Fred Hiltz aims for “good disagreement” on same-sex marriage

Does anyone remember Rowan Williams’ attempt to solve the same-sex marriage mess in the Anglican Communion using The Covenant? It was still alive and kicking – well, twitching at least – as little as five years ago, yet now it’s deader than the dandruff falling from Rowan’s eyebrows.

Justin Welby ignored The Covenant and, instead, imposed “consequences” on provinces that defied the ban on same-sex marriages. No one, least of all Welby, took them seriously.

Having now jettisoned both The Covenant and Consequences, Welby has settled on the idea of “good disagreement”, an ecclesiastical version of the cold war with ersatz pieties injected into it for appearances’ sake.

Fred Hiltz has jumped on the good disagreement bandwagon and is applying it to the Anglican Church of Canada. Sorry, he is embracing it.

The question is, if same-sex marriage were to remain forbidden in the ACoC, would anyone be proposing good disagreement as the solution for calming bruised liberals? Of course not: the battle would continue and all we would hear about would be prophetic voices, inclusion, justice and equality, laced with frequent references to a rubber stamping holy spirit.   Good disagreement is just another smoke screen designed to cloud the judgement of conservatives in order to keep them in the fold, so as to continue to collect their offerings.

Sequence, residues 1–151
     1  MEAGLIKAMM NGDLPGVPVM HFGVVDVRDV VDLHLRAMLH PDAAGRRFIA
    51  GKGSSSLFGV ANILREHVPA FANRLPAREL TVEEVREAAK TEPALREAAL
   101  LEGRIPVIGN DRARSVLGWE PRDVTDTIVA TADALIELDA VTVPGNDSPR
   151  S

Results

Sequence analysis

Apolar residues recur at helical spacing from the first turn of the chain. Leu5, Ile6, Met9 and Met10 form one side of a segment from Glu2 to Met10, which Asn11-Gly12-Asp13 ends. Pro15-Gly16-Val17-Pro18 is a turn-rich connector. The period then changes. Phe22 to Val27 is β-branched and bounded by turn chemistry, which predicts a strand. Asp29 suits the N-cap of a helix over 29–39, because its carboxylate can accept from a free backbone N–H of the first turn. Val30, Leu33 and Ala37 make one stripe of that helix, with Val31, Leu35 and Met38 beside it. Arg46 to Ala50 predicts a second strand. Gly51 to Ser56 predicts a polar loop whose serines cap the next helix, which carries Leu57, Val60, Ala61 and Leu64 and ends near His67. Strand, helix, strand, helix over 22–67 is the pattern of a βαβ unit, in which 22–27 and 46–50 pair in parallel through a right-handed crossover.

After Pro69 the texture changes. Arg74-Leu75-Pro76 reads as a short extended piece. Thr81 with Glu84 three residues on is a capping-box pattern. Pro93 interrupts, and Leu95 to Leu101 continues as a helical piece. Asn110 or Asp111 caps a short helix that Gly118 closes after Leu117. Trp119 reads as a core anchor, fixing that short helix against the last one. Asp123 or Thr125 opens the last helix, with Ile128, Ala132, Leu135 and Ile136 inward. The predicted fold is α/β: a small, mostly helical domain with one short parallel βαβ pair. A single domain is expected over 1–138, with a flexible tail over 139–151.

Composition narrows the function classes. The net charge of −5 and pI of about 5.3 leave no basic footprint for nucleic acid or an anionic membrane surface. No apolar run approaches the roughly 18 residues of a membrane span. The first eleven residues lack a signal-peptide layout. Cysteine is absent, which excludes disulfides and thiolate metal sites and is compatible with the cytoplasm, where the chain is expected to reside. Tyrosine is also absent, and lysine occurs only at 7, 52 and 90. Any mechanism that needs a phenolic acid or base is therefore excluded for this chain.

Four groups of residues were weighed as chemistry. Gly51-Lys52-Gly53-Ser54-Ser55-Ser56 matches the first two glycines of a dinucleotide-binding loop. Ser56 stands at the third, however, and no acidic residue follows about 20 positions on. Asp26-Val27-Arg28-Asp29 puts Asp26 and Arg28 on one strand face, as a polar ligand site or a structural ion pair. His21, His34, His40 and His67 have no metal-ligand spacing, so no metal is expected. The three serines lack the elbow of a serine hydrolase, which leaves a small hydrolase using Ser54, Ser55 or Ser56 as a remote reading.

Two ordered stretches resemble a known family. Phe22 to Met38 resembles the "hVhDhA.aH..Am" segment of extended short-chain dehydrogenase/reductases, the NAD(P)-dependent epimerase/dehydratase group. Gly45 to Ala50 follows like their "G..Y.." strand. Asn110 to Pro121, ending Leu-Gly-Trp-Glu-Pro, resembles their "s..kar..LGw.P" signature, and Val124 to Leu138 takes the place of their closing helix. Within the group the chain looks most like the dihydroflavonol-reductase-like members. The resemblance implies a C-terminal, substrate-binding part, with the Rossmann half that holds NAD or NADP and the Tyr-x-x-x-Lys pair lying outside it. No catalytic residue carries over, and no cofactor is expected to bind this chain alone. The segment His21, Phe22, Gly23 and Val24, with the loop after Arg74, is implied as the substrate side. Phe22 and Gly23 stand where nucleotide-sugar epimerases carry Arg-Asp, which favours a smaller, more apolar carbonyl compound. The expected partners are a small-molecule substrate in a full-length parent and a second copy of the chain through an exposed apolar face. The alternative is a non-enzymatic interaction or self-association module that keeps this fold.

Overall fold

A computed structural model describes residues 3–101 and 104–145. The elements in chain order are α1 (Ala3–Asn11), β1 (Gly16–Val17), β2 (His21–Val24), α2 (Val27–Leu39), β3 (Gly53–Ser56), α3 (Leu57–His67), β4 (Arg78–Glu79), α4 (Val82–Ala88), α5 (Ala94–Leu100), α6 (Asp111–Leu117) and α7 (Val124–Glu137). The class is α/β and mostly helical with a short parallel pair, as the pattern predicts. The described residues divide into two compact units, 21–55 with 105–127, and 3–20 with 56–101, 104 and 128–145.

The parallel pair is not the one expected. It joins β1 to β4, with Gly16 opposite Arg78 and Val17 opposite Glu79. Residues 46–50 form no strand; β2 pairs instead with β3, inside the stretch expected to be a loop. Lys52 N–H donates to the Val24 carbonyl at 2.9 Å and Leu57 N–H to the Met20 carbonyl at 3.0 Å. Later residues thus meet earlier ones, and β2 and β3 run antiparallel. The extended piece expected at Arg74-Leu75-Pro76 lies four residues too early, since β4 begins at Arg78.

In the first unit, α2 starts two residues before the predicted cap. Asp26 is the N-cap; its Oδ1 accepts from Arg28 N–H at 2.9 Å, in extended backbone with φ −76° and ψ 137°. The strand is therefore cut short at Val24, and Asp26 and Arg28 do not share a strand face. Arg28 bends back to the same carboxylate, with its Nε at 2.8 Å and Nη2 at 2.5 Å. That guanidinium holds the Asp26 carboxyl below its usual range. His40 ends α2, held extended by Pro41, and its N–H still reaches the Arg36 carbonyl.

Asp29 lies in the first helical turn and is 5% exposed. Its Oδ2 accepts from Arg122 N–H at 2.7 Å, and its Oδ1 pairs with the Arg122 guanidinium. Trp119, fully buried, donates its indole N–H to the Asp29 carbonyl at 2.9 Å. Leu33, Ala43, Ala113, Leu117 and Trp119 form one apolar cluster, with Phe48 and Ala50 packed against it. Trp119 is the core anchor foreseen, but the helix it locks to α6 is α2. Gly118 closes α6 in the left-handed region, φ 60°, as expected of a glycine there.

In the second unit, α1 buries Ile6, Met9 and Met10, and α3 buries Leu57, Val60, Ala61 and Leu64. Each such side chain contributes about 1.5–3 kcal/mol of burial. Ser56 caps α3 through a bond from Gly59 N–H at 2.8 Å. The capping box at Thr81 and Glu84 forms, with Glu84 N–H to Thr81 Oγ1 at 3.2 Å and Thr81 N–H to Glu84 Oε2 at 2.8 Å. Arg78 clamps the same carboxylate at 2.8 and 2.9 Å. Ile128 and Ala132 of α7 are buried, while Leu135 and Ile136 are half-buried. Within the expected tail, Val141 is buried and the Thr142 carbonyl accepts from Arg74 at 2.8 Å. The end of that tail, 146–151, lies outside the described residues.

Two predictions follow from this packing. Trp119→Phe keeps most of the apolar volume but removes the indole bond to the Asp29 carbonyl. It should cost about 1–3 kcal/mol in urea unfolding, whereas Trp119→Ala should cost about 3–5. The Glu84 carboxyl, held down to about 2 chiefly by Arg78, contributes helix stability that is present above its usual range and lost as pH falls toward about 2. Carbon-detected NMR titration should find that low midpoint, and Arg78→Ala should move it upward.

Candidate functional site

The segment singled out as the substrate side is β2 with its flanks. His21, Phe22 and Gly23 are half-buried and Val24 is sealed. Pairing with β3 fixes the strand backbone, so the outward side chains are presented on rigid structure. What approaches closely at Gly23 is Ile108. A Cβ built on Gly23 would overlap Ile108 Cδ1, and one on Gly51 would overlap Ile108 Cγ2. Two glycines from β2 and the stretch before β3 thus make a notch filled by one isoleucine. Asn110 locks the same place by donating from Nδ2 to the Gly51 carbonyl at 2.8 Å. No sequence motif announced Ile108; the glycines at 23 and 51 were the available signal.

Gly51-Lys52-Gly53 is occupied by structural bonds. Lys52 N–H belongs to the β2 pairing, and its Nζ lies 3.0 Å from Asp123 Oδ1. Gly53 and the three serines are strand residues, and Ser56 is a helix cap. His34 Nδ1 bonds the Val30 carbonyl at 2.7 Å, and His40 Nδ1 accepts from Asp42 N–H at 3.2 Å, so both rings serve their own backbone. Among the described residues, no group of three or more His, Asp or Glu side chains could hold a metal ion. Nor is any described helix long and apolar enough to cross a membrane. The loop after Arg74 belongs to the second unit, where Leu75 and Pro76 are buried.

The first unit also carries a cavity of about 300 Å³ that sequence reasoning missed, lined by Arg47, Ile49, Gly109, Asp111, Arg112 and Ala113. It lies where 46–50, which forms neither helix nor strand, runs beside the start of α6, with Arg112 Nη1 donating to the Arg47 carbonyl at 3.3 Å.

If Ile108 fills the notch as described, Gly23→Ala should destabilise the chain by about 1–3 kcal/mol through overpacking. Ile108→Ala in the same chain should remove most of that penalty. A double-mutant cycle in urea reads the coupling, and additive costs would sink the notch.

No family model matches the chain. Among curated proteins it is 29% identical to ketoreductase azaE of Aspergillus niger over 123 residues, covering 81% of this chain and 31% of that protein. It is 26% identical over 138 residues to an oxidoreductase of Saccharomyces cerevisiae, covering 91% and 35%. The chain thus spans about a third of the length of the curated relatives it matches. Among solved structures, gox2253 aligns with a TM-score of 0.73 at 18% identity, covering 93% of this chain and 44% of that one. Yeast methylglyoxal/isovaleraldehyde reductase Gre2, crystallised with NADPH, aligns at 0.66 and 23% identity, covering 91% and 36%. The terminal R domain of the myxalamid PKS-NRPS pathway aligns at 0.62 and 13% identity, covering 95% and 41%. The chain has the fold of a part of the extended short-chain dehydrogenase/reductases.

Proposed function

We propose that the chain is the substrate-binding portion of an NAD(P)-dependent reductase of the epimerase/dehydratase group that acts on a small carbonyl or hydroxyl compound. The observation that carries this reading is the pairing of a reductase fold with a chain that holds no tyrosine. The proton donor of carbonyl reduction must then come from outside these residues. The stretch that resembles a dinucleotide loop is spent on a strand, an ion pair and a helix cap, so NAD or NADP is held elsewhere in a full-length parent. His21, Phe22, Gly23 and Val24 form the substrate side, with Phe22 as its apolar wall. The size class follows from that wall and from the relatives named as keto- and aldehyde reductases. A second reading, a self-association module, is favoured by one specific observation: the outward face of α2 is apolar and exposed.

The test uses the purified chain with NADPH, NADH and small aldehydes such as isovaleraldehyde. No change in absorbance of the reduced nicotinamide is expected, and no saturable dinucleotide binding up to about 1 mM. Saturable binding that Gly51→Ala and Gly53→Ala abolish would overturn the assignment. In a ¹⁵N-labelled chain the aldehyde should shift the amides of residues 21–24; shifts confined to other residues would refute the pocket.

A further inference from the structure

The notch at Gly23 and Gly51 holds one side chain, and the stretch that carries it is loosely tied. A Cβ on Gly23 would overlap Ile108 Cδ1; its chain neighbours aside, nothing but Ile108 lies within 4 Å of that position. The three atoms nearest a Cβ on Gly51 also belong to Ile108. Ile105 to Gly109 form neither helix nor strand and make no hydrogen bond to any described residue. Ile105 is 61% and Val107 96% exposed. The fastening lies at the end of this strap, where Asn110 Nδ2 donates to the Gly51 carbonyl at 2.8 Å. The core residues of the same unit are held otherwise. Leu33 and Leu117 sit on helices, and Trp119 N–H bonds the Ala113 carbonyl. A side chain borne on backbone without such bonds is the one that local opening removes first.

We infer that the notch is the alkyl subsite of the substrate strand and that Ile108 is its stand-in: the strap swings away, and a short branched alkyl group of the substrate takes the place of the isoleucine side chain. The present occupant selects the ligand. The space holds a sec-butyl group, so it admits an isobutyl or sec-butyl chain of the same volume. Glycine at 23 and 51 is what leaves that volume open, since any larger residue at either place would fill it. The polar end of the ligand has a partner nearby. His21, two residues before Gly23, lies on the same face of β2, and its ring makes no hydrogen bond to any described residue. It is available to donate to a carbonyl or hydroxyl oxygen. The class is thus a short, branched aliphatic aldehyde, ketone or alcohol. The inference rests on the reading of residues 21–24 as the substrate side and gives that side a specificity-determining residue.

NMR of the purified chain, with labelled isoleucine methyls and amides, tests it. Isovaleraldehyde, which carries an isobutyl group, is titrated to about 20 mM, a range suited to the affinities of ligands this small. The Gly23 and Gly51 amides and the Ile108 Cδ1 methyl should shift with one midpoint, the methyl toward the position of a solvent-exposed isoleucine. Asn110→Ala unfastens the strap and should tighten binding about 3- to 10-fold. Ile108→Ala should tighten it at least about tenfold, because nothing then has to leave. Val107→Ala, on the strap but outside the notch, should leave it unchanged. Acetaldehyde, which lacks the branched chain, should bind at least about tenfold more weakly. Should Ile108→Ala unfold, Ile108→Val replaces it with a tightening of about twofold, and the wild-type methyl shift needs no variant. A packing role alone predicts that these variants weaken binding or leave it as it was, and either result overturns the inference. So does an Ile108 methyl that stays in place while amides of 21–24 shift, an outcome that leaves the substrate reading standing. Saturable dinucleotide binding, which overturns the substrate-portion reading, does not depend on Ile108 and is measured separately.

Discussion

From here:

My own read is that many in our church are coming to accept and declare that we will never agree on this matter. There will always be those who favour same-sex marriage and those who oppose it, each from the ground of their own wrestling with the Scriptures and the long-held teaching of
the church on the nature of marriage. The challenge is, how do we live with such deep-seated differences of conviction?

At the heart of this challenge are two things—the acknowledging of our fears and the embracing of good disagreement.

Of the fear, Archbishop of Canterbury Justin Welby addressed his own church at a General Synod in 2014, saying, “There is great fear among some, here and round the world, that that will lead to the betrayal of our traditions, to the denial of the authority of Scripture, to apostasy, not to use too strong a word. And there is also a great fear that our decisions will lead us to the rejection of LGBT [Lesbian, Gay, Bisexual, Transgender] people, to irrelevance in a changing society, to behaviour that may seem akin to racism. Both those fears are alive and well in this room today.”

Of the nature of good disagreement, 
the dean of St. Paul’s Cathedral in London, David Ison, wrote in 2015: “There is no expectation of achieving any consensus—in either direction—in the foreseeable future. But there is a task to be done of encouraging those within the church who are at odds on this issue to express their concerns in a safe environment, listen carefully to those with whom they disagree profoundly, find something of Christ in each other and consider together what the practical consequence of disagreement might be. From New Testament times the church of Christ has had to face disagreement. Fashioning our life as a church includes finding ways to ‘disagree Christianly’.”

I believe that in our church there is both a commitment and a capacity to do just that—to disagree in a manner that does not demean one another, but honours our calling in Christ. In good disagreement, no one is made to feel their position is of no value. No one feels belittled, walked over or pushed out. In good disagreement, there is, in truth, a continuing place for everyone in our church.

Comparing Anglican reaction to Barcelona vs Charlottesville